Community

Fernando Galeana Member since: Tuesday, October 08, 2013

M.A. in International Development

I am a first year PhD student interested in applying ABM to understand the effect of formalizing property rights on the governance of land and natural resources.

Bryann Avendaño Member since: Monday, June 29, 2015

B.Sc. Biologist, B.Sc. Ecologist, D.pl. Applied Statistics and Systems Dynamic Modelling

Ecology - Natural Resources Management (Community-based management)

I worked on natural resources management modelling in STELLA. I developed a technical and scientific model to analyze soil, climate and biological conditions to explain how Bamboo ecosystem works and how people in Cundinamarca, Colombia could focus on a sustainable model for use and manage forestry resources.
Also, I worked on the seventh framework program named: Community-based management of Environmental Challenges in Latin America -COMET-LA-. The project built a learning arena with scientists, civil society and government to identify sustainable models for governance of natural resources in social-ecological systems located in a rural context from Colombia, México and Argentina.

I am interesting in research on Modelling of governance and Community-based management of natural resources.

Julen Gonzalez Member since: Thursday, September 17, 2015

BSc in Environmental Sciences, University of the Basque Country, UK, MSc in Sustainable Development, University of St Andrews, UK

My research interests stand between natural resource management and ecological economics. The aim of my PhD project responds to the increasing demand for cross-disciplinary agent-based models that examine the disjunction between economic growth and more sustainable use of natural resources.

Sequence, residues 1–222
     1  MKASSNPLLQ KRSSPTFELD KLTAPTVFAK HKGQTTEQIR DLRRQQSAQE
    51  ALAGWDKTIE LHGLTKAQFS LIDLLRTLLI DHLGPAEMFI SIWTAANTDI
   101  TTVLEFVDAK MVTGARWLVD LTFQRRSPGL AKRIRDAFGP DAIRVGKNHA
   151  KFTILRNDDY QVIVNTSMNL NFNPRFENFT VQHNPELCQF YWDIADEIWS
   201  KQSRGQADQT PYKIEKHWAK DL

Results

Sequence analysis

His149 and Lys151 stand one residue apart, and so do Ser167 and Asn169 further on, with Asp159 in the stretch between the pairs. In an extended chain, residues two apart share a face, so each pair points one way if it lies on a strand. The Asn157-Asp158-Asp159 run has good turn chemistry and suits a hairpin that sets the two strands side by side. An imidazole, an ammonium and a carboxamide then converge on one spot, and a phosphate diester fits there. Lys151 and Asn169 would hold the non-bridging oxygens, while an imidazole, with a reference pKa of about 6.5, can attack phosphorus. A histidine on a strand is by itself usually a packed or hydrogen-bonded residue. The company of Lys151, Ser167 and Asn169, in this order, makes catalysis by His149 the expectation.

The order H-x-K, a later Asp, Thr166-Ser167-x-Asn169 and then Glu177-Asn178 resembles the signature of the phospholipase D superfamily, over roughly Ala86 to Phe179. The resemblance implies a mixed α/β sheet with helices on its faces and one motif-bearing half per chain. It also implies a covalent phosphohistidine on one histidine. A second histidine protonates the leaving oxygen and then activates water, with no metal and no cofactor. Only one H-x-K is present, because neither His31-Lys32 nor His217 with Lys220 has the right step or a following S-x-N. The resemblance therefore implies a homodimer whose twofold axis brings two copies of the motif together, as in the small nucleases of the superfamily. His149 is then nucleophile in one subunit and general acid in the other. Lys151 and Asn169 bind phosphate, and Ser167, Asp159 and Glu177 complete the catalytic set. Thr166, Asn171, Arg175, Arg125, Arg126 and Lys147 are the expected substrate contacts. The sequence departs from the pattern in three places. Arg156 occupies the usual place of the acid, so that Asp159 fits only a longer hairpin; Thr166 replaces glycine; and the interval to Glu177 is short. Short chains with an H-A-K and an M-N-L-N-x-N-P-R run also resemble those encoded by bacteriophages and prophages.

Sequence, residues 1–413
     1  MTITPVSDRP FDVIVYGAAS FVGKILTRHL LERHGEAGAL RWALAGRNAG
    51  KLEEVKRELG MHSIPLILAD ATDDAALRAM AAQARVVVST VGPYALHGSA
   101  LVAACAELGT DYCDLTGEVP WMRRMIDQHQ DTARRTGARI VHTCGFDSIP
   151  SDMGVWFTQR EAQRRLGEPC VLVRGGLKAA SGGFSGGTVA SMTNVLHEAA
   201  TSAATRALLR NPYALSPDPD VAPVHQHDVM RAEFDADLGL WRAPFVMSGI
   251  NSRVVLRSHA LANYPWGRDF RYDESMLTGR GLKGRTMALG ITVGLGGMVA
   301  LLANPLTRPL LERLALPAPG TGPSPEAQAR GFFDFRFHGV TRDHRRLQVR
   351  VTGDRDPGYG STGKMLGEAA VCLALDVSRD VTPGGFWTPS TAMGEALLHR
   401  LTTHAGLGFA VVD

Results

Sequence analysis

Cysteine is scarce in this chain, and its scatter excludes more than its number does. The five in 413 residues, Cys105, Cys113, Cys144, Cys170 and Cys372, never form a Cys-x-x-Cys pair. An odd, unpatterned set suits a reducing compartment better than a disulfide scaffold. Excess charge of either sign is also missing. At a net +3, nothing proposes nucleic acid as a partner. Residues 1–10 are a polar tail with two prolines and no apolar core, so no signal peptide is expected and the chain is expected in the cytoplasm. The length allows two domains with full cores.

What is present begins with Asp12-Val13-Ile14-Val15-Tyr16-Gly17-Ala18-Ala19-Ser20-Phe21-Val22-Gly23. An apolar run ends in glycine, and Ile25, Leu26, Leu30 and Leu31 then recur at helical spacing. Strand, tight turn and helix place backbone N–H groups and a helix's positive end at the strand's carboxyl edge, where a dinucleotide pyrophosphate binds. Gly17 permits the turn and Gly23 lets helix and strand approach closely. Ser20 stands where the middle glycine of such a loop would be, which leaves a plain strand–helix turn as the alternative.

My research attempts to test the effectiveness of different governance and economic frameworks on managing natural resources sustainably at both regional and national levels. The goal is to simulate how communities and institutions manage the commons in complex socio-ecological systems through several case-studies, e.g. rainforest management in Australia. It is hoped that the models will highlight which combination of variables lead to positive trends in both economic and environmental indicators, which could stimulate more sustainable practices by governments, private sectors and civil society.

Shaheen Abdulkareem Member since: Tuesday, August 15, 2017

MSc

Fabian Adelt Member since: Monday, November 20, 2017

Computer Studies, Diploma-Degree

Fabian Adelt graduated in computer-sciences with a minor in sociology of technology (degree: Diplom-Informatiker) at TU Dortmund University in 2011. Currently, he is research fellow at the Technology Studies Group and involved in the project “Collaborative Data- and Risk-Management in Future Grids – A Simulation Study” (KoRiSim). Between 2012 and 2015 he worked on the project “Mixed Modes of Governance as a Means of Risk Management in Complex Systems” (RiskSim). His research interests entail agent-based modelling and simulating of socio-technical systems, especially focussing on governance issues and actors’ reactions on interventions. Experience covers the fields of mobility and energy.

Geerten Hengeveld Member since: Thursday, January 24, 2019 Full Member

Wageningen University & Research
Currently researcher modelling at Biometris, Wageningen University & Research

modelling,
ecology, foraging, forestry, forest management, water management
scenario analysis
agent based modelling
individual based modelling
model quality, model evaluation, model governance

Francesc Bellaubi Member since: Thursday, June 27, 2013

PhD candidate

performance of urban water service provision, high levels of inequities and inefficiency persist. In terms of water distribution and cost, these undesirable patterns have a high impact on peri-urban areas usually populated by marginalized and poor populations. The high levels of Non-Revenue Water (NRW), together with the existence of corrupt practices and mismanagement of water utilities, remain a highly controversial issue.